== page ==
1. Could you tell us a little about yourself. You know, the basic stuff, like where you live, where you come from, family, pets, etc.
I was born in 1960 in Queens, NY and grew up there. My wife, son and I live in a small town in upstate New York called Fishkill. We live on the edge of a forest and see deer, wild turkey, hawks or some other wild creature almost every day right outside our door.
I work for New York State as a court officer. If you remember the TV show “Night Court” from the 1980’s and the character “Bull” played by Richard Moll, well that’s me – same job, same haircut, only a bit shorter.
2. I understand you have a huge interest in martial arts and even teach it. What kind do you practice?
I’ve been practicing a Filipino martial art called Pekiti-Tirsia since 1975 and have been teaching since the early 80’s. Teaching has given me a chance to travel quite a bit as I conduct seminars throughout the U.S. and Europe. Pekiti-Tirsia is a weapons based art, so I get to use its techniques and principles in the sword fights in my novels. You can learn more about this art (and see some video demos) at my website: www.pekiti.com
3. Have you always wanted to be an author? What has been your writing experience so far?
When I was younger I wanted to be a full time martial arts instructor. I even tried it for a few years, but decided something more stable would be better if I wanted to have a family. Prior to Asulon my publishing history has been articles for martial arts and law enforcement magazines.
4. What influenced you to write the Sword of Fire novels?
I began writing the story in 1981. A friend had called and told me about the storyline of the movie “Omen III, The Final Conflict,” which he had just seen. Typically of Hollywood at that time when handling a biblical subject, the story had very little to do with what’s actually in scripture (in this case, regarding the Antichrist and the Second Coming of Christ). I reacted both as a Christian, “That’s not what the Bible says” and as a twenty year old guy, “I could write a better story than that.” So that’s what I set out to do. I decided to set the story of the tribulation and Second Coming in a fantasy setting, figuring that non-Christians would be more likely to read a biblical story if written that way. I wrote on and off for the next few years, getting about 120,000 word done, but stopped writing when my father died in 1986. I took up the story again in 2001 when my son was born. I wanted to write a story for him that brought together many of the things in the books I read as a teenager that gave me a life long love of reading and, I like to think, help point me in the right direction in life in general. What I envisioned as one book (The Sword of Fire) has now grown into three (Asulon, Eretzel and Apocalypse). The direct spark for my writing was to write a better story than The Omen, but the tinder, the fuel for my story was all the great books I read as a teen. Therefore, you’ll see influences in my story from authors such as J.R.R. Tolkien, C.S. Lewis, Dante Alighieri, Edmund Rostand, Alexander Dumas, James Fennimore Cooper, Edgar Rice Boroughs, Sir Arthur Conan Doyle, and Robert E. Howard.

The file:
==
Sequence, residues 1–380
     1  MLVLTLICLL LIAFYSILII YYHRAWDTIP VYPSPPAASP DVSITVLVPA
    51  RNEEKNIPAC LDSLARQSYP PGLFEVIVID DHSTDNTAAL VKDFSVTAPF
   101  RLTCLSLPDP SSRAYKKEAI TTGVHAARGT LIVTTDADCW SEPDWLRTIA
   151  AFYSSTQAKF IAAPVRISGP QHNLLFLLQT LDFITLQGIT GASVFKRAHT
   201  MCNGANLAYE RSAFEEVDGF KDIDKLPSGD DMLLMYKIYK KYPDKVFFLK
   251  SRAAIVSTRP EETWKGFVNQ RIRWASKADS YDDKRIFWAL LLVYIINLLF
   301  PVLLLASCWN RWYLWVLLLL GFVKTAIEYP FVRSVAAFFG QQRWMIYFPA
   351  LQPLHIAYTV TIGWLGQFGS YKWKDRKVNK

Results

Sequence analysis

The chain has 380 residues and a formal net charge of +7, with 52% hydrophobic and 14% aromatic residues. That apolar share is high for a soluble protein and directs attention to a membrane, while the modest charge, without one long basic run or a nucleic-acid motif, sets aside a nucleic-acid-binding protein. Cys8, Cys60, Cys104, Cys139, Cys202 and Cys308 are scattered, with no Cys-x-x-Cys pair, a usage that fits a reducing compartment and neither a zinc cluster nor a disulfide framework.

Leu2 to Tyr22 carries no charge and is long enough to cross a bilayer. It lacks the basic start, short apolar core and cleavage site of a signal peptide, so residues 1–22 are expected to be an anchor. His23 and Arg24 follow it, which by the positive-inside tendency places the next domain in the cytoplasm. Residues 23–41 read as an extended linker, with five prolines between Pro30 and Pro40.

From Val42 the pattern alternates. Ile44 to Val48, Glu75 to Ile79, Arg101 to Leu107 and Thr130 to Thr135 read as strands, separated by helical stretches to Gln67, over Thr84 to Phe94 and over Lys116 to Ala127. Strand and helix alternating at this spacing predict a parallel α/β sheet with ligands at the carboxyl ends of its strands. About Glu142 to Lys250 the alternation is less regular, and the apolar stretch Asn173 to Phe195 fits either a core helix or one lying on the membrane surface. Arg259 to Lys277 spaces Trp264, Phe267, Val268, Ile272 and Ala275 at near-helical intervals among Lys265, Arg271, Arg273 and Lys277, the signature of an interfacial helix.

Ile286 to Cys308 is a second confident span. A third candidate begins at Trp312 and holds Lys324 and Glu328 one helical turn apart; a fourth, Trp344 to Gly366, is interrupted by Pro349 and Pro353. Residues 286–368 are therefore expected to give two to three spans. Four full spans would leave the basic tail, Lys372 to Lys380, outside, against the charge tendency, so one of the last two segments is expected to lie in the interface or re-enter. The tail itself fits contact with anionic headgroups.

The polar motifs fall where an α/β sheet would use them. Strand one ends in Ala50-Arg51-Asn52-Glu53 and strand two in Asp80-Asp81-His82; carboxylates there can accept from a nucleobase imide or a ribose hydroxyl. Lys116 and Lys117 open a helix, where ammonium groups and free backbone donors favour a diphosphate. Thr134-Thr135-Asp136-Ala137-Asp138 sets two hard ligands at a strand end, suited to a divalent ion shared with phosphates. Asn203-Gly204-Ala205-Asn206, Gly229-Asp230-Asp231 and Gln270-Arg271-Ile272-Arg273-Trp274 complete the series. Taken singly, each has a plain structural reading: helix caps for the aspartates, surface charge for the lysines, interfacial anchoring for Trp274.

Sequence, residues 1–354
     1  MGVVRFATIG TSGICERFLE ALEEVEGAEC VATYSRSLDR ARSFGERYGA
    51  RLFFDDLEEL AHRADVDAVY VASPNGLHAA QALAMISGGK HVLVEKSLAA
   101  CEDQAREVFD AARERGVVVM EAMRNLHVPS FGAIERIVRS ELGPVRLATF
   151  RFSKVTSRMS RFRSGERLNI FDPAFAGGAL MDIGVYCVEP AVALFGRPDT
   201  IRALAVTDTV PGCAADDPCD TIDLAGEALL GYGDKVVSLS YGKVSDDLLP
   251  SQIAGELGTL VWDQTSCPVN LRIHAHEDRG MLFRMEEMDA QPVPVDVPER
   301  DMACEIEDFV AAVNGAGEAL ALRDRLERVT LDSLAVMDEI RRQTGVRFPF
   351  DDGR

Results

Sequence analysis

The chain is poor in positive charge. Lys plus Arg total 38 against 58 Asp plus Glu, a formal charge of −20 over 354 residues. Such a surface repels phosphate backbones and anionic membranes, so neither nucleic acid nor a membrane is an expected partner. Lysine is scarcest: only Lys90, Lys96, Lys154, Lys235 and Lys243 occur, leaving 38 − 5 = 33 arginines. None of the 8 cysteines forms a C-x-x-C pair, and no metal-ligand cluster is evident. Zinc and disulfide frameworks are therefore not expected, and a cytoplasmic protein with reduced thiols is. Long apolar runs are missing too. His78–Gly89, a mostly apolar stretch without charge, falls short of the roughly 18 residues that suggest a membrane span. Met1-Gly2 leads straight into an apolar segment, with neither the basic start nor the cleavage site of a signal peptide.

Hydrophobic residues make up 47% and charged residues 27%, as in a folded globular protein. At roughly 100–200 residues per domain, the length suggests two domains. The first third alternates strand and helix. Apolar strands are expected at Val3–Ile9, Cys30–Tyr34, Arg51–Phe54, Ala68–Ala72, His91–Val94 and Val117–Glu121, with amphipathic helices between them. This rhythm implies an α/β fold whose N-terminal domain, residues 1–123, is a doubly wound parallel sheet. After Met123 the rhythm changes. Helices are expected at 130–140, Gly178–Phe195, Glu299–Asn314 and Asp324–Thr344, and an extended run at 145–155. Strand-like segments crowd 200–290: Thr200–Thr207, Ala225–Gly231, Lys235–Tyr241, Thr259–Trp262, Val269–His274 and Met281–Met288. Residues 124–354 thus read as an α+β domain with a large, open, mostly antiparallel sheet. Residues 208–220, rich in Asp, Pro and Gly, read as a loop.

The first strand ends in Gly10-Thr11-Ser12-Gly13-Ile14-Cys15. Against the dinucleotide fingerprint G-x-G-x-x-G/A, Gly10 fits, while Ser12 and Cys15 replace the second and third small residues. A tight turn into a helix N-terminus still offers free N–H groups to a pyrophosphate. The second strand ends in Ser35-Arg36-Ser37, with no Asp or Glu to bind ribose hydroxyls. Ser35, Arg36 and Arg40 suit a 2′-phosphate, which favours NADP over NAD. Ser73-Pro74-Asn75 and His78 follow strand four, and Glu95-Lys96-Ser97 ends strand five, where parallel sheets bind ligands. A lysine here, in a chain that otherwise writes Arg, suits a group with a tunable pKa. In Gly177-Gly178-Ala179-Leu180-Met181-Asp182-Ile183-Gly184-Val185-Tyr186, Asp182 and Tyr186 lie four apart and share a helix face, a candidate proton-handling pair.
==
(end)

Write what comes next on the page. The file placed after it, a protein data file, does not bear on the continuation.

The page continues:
5. I notice a serious inclusion of mythology in Asulon along with Biblical material. It reminds me of C. S. Lewis’ fiction. Do you have a penchant for mythology like he did?
I grew up watching all those great movies from the 40’s, 50’s and 60’s that had classical mythology at their base: Jason and the Argonauts, Ulysses, The Thief of Bagdad; even those low budget Hercules movies were a wonder to me. When I was a teen, I came across Bullfinch’s Mythology in the library and I was hooked. As a writer, I think Tolkien’s Silmarillion was more of an influence on me than Lewis. I liked how Tolkien “explained” the origins of the Greek gods in the Silmarillion and wanted to do something similar in my own work. What also helped was reading apocrypha, specifically the Book of Enoch, in which a third group of angels who tried to stay neutral during Satan’s rebellion were banished to earth as punishment for their neutrality. That’s the basis for the background of Anak the earthbound angel in my story.